English lesson

Discussion in 'Off-Topic' started by Georacer, May 15, 2013.

  1. Georacer

    Thread Starter Moderator

    Nov 25, 2009
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    This is an excerpt from the ToS.

    I want to ask on the use of the verb "deem" within phrases.
     
    Last edited: May 15, 2013
  2. Wendy

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    Mar 24, 2008
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    deem = Feel, of the opinion
     
  3. Georacer

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    Yes, but how is it used in a phrase? As in, example.
     
  4. MrChips

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    Having heard all the opinions on both sides of this debate, the committee has deemed it prudent to curtail further discussion on this matter.
     
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  5. loosewire

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    MrChips ,tell him about toastmasters and see if he can find a meeting.
     
  6. Georacer

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    I 'd like to express myself on grammar terms, but I 've long forgotten my lessons and currently I 'm an experience user of the language.

    I always see the verb being used in the pattern: subject-has deemed it-adjective.
    Are there other structures and uses available?
     
  7. loosewire

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    @ Geo, Do you have toastmasters in Greece its a speakers org.
     
  8. MrChips

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    I suppose that is the typical usage, as in:

    I deem it necessary to take remedial action

    as in:

    I consider it necessary to ...
     
  9. MrChips

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    It is not the purpose of Toastmasters to improve language.

    The purpose of Toastmasters is to build self confidence in public speaking and to develop skills in leadership.
     
  10. Georacer

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    I know people in Greece that take part in rhetorics competitions. But this is an English language question and I turn to English speaking people for answers.

    So shall I take it that no other uses of "deem" exist?
     
  11. MrChips

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    I cannot think of other common usage beyond the two cases:

    I deem it __ to...

    replace __ with necessary, essential, appropriate, prudent, wise, foolish, insane, risky, safe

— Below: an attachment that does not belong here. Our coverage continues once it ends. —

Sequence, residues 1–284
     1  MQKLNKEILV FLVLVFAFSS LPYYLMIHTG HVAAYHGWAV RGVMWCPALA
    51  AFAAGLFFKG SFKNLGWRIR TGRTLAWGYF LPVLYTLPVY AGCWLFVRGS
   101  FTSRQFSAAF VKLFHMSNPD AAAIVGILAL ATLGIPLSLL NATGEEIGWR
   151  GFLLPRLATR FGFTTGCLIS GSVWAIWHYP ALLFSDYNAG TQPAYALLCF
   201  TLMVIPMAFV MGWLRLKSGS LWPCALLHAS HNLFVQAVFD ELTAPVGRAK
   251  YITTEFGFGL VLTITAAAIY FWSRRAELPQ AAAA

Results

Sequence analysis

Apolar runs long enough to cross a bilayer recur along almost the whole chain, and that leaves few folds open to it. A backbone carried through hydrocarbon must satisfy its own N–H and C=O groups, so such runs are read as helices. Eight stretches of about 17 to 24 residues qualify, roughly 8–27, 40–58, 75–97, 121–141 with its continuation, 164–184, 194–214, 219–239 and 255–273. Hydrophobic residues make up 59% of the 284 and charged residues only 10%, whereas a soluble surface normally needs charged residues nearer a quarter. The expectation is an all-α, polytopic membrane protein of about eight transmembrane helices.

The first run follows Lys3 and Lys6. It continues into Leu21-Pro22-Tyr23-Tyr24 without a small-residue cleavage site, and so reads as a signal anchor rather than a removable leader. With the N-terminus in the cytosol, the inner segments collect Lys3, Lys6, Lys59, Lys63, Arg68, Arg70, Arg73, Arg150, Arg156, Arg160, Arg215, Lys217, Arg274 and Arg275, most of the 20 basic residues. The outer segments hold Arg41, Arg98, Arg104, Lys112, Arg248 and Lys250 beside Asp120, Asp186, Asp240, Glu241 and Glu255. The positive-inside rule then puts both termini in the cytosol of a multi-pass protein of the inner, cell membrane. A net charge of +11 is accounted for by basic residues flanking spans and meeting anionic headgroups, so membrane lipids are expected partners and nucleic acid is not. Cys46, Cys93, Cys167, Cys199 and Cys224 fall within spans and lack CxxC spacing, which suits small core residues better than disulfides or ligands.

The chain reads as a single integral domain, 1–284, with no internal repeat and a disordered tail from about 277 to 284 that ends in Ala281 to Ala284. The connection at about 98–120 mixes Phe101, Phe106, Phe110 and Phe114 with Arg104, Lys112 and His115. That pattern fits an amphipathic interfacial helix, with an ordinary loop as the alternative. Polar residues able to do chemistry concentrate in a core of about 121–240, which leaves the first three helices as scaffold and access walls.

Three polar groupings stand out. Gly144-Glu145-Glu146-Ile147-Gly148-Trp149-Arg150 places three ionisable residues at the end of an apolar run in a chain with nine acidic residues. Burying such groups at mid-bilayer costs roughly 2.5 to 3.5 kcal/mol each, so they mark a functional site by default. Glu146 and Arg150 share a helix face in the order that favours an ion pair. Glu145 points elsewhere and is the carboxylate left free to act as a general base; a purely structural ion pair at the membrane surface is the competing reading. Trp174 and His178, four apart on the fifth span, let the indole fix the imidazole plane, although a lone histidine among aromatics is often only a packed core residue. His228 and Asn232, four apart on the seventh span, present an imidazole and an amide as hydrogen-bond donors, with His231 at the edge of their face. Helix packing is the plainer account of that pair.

or not __

    or at the end of a sentence

    ... as they deem ___.
     
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  12. t_n_k

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    The Oxford English Dictionary http://www.oed.com has a comprehensive treatment of the word.
     
  13. Georacer

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    @ t_n_k,

    It seems I cannot access the search engine of the site, as it needs a subscription (reasonably).

    Am I missing something?
     
  14. MrChips

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    It is deemed obligatory to read the HD44780 controller datasheet before posting a question on interfacing to an LCD character module.
     
  15. tracecom

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    One of the most interesting points about the verb "deem" is that it can be considered transitive or intransitive.

    Transitive Example ("deem" as in "consider")
    The auditor deemed it necessary to declare the firm insolvent.

    Intransitive Example ("deem" as in "believe")
    I deem the historical record to be correct.

    It's a minor differentiation.
     
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  16. Georacer

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    Ah! So it can be used in both forms! That's what I was looking for.

    I believe I used it once as intransitive in a PM with an American and gut a strange look.
     
  17. Brownout

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    Jan 10, 2012
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    You may deem it so.
     
  18. JoeJester

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    I believe in the sentence illustrated by Georacer, deem would be the transitive verb, one with a directly related object, to job of moderating.

    We ask the moderators to be the judge of every post with respect to the terms of service or user agreement and take appropriate action when the posting falls astray of the TOS or user agreement.

    Now if I report a posting, I deemed it for whatever reason I stated. Mine is an opinion as I have no ability to execute an official action.
     
  19. DerStrom8

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    Feb 20, 2011
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    Oops, Geo, I responded on your other thread because I hadn't seen this one yet :p
     
  20. GopherT

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    It depends on the part of the US it is used. It is a softer, "I believe" in Southern states (to preface an opinion with the assumption that others may disagere) and more commonly used. In the Midwest, US, it is used more as a preface for a conclusive judgement. As in, "I deem the action to be unfair." "I deem the threat to be real". In the Midwest, the speaker is definately not interested in additional opinions.
     
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